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Sparking a fire: The legacy of the Rollins Outdoor Club

Photos courtesy of the Rollins Archives

Throughout Rollins history, there have been many different clubs that promote healthy lifestyles. Rollins Outdoor Club was one of the original clubs at Rollins that promoted active involvement on and off campus. Although the club has since become defunct, many of the current organizations on campus still carry on the legacy of the club.  

Founded in 1981, the Rollins Outdoor Club was created when John Langfitt, director of Campus Ministries, saw a need for students to have a space to relax from their studies and learn more about the world around them. The purpose of the club was to, “broaden community awareness & enjoyment of the environment by sponsoring outdoor activities, [hosting] an annual event open to the entire Rollins community, and making outdoor equipment available to the entire Rollins community and offering instructions in its proper use and care.”  

One of their many outdoor activities were camping trips that helped bring together members of the club. In Sandspur Vol. 87, an anonymous student recalls the events of the Second Annual Sullivan House Survival Trip hosted by the Rollins Outdoor Club in 1981. The students met with a naturalist before the trip to learn about back-packing techniques and other survival tips. Each camper took a poncho (to make a tent with), a sleeping bag, a change of clothes, a pocketknife, and a toothbrush. In addition to these supplies, the students also took two live rabbits to kill and cook — they were not allowed to kill any animals at the Tosohatchee State Reserve.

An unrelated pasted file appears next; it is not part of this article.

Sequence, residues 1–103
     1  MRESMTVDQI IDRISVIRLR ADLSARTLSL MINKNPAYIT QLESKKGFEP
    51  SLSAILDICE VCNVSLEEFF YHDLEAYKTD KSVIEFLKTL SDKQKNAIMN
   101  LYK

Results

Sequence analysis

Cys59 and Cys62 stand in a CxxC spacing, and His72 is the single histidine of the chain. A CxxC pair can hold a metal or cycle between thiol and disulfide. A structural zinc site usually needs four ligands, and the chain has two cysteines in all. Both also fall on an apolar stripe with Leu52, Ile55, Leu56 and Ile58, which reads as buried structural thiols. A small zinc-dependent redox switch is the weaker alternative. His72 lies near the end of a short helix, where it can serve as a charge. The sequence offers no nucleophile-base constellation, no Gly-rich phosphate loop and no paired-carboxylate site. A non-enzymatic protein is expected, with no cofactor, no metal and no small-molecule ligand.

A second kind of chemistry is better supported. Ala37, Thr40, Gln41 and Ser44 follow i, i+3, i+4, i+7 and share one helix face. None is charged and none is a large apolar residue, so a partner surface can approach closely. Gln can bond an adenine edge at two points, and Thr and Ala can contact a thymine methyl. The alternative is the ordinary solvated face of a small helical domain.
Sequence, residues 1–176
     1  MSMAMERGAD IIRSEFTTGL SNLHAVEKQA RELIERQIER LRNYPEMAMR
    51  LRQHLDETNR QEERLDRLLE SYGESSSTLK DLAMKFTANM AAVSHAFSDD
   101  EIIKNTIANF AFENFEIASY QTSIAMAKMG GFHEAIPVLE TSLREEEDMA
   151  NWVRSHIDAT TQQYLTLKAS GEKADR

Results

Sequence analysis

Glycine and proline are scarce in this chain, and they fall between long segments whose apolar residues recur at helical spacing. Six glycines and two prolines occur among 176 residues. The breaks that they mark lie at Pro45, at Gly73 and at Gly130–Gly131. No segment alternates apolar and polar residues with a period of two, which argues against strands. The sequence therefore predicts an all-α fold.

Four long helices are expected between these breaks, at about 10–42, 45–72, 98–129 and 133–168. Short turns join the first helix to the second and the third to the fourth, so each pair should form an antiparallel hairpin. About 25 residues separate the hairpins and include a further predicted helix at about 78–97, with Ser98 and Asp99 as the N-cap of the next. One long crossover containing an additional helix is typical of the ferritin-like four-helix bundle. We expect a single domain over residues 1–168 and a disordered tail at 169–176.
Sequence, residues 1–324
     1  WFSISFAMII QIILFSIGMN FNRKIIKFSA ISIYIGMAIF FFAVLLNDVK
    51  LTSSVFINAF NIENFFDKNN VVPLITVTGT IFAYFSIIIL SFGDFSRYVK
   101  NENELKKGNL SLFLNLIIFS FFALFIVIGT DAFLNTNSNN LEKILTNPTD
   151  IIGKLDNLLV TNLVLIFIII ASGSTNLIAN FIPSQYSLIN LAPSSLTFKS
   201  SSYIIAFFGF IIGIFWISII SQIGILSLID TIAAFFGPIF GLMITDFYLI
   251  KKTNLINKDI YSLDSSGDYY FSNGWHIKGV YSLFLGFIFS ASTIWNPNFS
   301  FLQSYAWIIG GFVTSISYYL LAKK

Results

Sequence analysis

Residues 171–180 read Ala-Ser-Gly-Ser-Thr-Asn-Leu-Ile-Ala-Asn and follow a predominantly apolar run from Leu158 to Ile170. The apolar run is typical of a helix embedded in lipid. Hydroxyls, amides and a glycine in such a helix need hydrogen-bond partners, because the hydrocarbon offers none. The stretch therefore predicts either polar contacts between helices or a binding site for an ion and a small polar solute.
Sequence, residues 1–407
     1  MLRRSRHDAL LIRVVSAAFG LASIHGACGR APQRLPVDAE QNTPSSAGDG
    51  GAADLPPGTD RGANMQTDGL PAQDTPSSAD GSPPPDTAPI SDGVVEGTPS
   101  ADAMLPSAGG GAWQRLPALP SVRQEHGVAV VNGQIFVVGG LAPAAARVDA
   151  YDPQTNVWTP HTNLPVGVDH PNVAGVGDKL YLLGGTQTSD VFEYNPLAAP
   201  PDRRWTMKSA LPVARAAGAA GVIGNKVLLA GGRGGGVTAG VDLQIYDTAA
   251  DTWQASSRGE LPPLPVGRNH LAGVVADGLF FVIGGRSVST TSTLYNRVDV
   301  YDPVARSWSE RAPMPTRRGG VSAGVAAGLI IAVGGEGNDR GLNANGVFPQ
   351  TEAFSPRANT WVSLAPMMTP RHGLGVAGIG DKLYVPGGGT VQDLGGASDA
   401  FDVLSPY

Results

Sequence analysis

The students hiked down a two-mile trail to their campsite where they made camp and prepared their meals. As they reflected on their trip, one of the campers, Pat Carbonara, said, “It was neat learning how to build a fire from flint and steel.” These camping trips helped teach students practical skills that they might not learn in a classroom.  

The Rollins Outdoor Club also hosted an annual sports event called the Outdoor Games. Some of the events included canoe jousting, log rolling, rope climbing, and an obstacle course.  These events were made to bring together the campus community.  

The founder of the Rollins Outdoor Club, John Langfitt, expressed the purpose of these events. He stated, “It’s a good thing for [students from out of state] who don’t know what the Florida environment is like. Once you’re familiar with what’s here, you can pick what you want to do.” The Rollins Outdoor Club sought to welcome all new students from across campus through community games and outdoor trips.  

This organization sought to be a club in which many different aspects of Rollins College were highlighted. To achieve this goal, they required that each member represent, “alternate areas of academic study either through their major field or other related activities in theatre, art, or music.” 

Just like Rollins seeks for its students to become global citizens, the R.O.C. wanted its members to be well-rounded students. It was also interested in their members’ personal development. Each member was required to present on a topic of interest that related to their major as well as help organize their annual events.  

The Rollins Outdoor Club provides an excellent example of the virtues and ideals that Rollins students want to see within the student body. Many current organizations such as Eco Rollins and Pinehurst continue these values of growth and community. The R.O.C. demonstrates the Rollins student body’s long-term commitment to building a welcoming community that helps every member grow. 

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